The Luxembourg Red Cross details the 12 axes of its 2030 strategy. (Photo: Mathilde Obert/Paperjam)

The Luxembourg Red Cross details the 12 axes of its 2030 strategy. (Photo: Mathilde Obert/Paperjam)

The Luxembourg Red Cross has developed a 2030 strategy to help it better anticipate and respond to crises and manage its activities in the areas of health, housing, youth, crises, international, volunteering, caring, human resources, donors, digitalisation, environment and Red Cross House.

Red Cross Luxembourg director  and project manager Cécile Rumeau discuss the strategy, why it was necessary to develop it and how it will help the NGO move forward.

Mathilde Obert: Why define a strategy today?

Michel Simonis: Some people say that there is no point, because when the time comes, you are faced with challenges that are not going to be those you imagined. But agility is also a strategic decision. Today, after the exercise we have done, we are convinced that it is a good thing.

Didn’t you have a strategy before?

MS: There was a reflection in 2013. The feedback we received was mainly about how to do better the work we were already doing. But there was little ambition related to the business itself.

How does your new strategy differ?

MS: We asked the same question: what things would we like to change in the coming years? But we have given people directions, asking them to specify these things in terms of the businesses. We end up with ambitions linked to trade, but inspired by cross-cutting thinking.

For example, if we think about health, it’s not just the hospital, but more broadly. The same goes for housing, which concerns migrants and the homeless but also elderly people who would perhaps like to meet young people who could help them in shared accommodation.

But there are still challenges in terms of the support that a Red Cross organisation should give to the various services: digitalisation, an HR strategy to acquire and support people.

What will the Luxembourg Red Cross look like in 2030?

MS: An organisation that knows how to respond to the challenges of the moment. This is something we are already doing today, but I believe we can do it better, in a more organised way and perhaps in a more natural way, because that is what we are meant to do.

In concrete terms, how do you incorporate these crises that you don’t yet know about into your strategy?

Cécile Rumeau: One example is to set up a local intervention group. These are volunteers trained in advance who can be mobilised at any time to intervene rapidly.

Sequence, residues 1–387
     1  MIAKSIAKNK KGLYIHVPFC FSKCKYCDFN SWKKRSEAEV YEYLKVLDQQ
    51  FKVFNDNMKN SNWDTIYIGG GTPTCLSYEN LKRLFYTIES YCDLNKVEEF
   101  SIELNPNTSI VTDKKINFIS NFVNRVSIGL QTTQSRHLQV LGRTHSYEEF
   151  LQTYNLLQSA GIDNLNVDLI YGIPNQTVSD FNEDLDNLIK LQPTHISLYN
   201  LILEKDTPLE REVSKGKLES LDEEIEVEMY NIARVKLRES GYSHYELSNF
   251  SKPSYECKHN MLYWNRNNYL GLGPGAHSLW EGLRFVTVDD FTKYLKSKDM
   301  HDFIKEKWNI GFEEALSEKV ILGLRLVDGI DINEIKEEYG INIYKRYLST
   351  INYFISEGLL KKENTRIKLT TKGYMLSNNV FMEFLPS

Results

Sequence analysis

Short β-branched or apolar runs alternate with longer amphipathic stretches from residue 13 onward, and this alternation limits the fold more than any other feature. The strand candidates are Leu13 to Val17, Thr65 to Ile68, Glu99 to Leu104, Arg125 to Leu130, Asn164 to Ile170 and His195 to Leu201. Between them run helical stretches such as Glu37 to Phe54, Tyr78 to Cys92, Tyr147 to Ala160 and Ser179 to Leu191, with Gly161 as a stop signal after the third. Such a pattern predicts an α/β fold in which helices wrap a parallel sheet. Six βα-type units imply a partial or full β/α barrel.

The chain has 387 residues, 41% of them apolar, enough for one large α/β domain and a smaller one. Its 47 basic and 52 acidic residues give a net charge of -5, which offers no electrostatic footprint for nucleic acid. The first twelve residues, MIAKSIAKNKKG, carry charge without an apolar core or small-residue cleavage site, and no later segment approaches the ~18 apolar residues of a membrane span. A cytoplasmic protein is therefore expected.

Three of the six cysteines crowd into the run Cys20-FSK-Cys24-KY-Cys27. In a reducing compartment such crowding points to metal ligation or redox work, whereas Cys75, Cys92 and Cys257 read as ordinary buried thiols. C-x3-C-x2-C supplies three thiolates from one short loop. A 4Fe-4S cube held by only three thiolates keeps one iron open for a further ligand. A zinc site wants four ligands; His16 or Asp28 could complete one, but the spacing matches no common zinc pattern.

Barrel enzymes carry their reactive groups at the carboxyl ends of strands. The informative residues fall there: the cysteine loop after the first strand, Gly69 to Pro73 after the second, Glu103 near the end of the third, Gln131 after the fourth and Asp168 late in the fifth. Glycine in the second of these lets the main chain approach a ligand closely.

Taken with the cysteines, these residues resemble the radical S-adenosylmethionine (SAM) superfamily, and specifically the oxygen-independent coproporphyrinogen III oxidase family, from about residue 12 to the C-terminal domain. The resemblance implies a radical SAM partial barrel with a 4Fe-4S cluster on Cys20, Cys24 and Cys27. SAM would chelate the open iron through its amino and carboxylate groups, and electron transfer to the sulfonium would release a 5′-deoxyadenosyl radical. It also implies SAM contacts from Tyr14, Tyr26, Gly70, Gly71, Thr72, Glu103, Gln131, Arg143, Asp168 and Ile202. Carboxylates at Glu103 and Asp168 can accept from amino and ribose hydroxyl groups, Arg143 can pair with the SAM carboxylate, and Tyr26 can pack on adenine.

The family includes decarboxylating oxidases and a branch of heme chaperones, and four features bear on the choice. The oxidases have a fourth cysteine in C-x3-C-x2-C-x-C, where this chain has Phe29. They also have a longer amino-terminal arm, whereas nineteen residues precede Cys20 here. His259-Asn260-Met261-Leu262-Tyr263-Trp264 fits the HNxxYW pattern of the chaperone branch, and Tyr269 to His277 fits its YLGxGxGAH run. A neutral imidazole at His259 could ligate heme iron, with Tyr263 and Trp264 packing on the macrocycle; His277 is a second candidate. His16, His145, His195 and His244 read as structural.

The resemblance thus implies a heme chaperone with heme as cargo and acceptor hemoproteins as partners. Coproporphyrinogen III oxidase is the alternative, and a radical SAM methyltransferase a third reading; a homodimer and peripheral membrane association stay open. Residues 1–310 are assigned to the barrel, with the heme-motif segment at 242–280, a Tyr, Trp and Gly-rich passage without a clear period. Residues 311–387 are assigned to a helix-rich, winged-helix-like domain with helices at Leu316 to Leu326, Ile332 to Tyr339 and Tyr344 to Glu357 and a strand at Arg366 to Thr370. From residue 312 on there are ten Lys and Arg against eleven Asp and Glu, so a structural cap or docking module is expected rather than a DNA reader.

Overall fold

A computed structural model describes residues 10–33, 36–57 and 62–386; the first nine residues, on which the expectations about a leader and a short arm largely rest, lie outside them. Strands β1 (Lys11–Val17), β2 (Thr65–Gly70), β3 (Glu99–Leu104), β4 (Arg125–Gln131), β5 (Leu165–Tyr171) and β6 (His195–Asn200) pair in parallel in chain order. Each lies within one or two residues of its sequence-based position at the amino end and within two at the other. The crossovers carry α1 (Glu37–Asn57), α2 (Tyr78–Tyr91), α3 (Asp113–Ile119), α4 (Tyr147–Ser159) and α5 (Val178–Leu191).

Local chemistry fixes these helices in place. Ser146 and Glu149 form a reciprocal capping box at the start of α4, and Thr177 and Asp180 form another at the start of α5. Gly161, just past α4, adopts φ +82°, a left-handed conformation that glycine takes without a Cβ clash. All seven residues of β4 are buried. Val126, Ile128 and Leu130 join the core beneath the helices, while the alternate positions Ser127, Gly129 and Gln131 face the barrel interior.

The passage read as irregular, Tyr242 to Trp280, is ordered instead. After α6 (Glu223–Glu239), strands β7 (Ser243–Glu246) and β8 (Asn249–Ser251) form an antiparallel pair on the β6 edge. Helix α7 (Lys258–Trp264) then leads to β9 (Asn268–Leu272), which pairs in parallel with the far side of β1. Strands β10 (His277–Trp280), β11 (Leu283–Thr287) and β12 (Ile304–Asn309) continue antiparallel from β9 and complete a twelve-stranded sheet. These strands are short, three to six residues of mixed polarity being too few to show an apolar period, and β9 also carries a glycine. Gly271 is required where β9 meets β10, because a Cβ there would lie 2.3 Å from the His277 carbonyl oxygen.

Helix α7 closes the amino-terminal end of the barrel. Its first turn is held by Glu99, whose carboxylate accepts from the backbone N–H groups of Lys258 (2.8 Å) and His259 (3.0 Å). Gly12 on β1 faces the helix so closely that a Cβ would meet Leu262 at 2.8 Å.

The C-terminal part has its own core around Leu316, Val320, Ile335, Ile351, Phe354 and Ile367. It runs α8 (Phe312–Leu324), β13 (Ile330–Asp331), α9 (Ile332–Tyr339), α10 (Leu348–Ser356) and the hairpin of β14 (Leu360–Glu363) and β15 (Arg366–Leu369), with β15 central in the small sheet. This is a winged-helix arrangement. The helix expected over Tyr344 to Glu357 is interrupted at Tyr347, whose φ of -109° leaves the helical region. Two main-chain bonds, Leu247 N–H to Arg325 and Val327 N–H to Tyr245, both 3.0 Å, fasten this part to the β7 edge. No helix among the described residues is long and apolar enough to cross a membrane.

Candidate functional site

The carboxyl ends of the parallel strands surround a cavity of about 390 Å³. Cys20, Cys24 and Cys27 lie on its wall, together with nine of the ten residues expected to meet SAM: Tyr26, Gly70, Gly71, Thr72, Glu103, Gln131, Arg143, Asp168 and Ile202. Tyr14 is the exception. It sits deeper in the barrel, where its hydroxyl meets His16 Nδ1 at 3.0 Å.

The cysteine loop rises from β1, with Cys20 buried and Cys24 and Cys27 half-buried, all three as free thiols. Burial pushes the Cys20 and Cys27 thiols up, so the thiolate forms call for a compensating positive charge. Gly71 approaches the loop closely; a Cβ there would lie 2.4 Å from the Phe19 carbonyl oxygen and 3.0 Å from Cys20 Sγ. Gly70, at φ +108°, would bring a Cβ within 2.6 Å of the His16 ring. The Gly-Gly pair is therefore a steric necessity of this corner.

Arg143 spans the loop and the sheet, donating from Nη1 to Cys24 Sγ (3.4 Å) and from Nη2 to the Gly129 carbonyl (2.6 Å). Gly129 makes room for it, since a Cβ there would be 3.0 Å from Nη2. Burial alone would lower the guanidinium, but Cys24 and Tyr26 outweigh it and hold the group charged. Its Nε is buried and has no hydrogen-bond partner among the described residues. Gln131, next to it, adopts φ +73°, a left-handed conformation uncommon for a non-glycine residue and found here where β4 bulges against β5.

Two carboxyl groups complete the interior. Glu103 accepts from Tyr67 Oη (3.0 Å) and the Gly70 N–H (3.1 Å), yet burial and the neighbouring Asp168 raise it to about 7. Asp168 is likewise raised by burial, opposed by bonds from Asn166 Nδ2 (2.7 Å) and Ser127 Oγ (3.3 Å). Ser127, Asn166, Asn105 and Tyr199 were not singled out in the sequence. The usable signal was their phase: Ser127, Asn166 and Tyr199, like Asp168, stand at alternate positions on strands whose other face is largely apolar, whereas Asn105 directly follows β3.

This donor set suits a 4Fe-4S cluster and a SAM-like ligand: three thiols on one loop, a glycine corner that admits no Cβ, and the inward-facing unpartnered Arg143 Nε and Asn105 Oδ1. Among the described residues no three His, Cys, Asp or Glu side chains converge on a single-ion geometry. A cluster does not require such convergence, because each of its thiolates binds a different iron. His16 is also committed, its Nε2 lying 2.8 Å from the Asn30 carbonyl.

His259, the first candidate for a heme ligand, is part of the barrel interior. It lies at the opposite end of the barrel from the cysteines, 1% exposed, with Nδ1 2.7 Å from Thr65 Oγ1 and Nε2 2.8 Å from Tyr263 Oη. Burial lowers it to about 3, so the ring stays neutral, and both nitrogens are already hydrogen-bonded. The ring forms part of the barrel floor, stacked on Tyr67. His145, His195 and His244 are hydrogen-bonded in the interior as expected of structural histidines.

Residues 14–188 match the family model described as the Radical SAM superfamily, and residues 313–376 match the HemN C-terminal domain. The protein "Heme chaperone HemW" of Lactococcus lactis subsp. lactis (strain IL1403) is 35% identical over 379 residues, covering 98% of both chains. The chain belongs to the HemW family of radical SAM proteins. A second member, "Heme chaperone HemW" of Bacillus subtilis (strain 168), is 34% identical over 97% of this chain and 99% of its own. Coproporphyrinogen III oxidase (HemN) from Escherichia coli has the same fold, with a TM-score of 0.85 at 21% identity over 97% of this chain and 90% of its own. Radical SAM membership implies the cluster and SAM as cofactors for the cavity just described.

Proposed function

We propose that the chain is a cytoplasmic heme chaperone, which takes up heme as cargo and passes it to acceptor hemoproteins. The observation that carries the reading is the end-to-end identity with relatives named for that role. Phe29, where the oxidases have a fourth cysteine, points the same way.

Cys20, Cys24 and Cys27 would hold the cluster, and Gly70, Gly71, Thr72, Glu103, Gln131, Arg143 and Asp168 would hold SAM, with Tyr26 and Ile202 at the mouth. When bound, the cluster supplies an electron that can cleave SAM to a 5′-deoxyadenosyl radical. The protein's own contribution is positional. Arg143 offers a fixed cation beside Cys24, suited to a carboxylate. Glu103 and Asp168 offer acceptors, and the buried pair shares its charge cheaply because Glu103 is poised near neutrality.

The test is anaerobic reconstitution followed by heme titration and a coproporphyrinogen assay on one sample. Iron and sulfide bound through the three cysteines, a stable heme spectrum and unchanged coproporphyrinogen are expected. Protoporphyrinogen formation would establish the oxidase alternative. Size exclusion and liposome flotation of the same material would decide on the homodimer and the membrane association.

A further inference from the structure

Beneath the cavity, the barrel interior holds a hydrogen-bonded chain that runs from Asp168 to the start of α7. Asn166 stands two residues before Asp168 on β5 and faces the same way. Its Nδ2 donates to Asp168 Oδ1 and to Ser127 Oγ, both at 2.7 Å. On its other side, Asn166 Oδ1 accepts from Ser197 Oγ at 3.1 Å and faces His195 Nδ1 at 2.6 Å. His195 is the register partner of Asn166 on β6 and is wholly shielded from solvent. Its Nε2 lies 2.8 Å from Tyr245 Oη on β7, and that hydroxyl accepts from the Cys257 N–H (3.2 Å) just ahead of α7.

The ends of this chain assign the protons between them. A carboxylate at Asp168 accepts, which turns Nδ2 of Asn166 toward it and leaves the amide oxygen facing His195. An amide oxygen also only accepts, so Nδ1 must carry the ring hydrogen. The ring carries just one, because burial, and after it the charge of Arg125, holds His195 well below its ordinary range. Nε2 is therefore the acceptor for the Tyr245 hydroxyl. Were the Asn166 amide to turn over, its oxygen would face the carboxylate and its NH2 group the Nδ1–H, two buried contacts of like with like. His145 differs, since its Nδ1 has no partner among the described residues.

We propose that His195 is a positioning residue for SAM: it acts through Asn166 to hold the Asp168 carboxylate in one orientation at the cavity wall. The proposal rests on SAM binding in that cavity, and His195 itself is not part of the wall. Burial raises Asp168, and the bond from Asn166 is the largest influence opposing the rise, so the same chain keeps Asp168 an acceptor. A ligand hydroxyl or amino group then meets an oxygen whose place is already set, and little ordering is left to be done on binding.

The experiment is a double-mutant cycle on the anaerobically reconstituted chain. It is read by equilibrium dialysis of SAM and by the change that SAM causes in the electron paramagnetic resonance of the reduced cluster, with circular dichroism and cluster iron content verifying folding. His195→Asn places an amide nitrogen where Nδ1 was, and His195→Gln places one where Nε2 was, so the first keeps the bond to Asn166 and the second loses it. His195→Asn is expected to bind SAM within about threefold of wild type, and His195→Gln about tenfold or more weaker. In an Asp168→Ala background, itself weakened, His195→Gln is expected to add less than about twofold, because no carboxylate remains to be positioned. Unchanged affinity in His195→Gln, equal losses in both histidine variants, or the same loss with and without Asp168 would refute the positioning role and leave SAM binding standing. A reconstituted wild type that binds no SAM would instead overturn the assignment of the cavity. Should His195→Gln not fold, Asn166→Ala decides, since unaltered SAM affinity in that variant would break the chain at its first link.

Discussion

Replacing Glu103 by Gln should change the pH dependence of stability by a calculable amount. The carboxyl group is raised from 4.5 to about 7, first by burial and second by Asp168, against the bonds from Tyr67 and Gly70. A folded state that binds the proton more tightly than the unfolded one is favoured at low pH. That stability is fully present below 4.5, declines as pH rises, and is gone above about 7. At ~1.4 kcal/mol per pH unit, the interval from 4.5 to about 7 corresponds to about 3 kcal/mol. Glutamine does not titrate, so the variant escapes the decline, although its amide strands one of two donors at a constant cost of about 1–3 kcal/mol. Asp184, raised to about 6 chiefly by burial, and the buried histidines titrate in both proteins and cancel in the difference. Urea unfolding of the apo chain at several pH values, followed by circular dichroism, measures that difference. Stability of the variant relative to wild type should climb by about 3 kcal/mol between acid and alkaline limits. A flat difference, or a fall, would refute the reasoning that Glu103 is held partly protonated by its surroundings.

MS: You really have to work across the board, break down the silos, it’s a daily job.

What lessons have the pandemic and the war in Ukraine taught us about anticipating crises?

MS: The care homes were at one point affected by lockdown. Other areas, such as care, were in need of staff. We were able to reallocate our resources to meet this need. This is something that, if well organised, can have even more potential to respond to crises.

How do you establish such a strategy?

CR: It took two years, with a six-month covid-19 break. The first step was to gather as much information as possible from the field. We did workshops, interviews and surveys. At least 200 people were involved. Mostly managers, but you have to remember that they are on the ground and are representative. We also included volunteers and some employees.

The second step was prioritisation. We came up with the first six axes, focused on responses to the direct needs of beneficiaries: international, health, youth, volunteering, crisis and housing. Then we added the six axes a little more support.

MS: Our governance was responsive to the field. Many staff members raised the issue of environmental responsibility, even though one might think that the Red Cross does not have a vocation to protect nature. But for them, in the deployment of its actions, it should pay more attention to the carbon footprint.

On other points, we see the signature of governance, which makes it clear that our agility does not come from funding ministries and that we have to go to our donors to maintain it.

Among the 12 axes is the regrouping of the teams within the Red Cross House planned for 2025 in Howald. Will the shortage of raw materials delay its completion?

MS: We have entrusted the project to a developer who will now go into the tender phase, they have an obligation to deliver the building by a contractually agreed date.

What about the budget?

MS: The budget is contractually fixed. Afterwards, there are the interior fittings. This is indeed a risk on our side. It remains an ambitious project, but, as far as the risks are concerned, we have contractually limited them so that we have every chance of it going ahead.

This story was first published in French on . It has been translated and edited for Delano.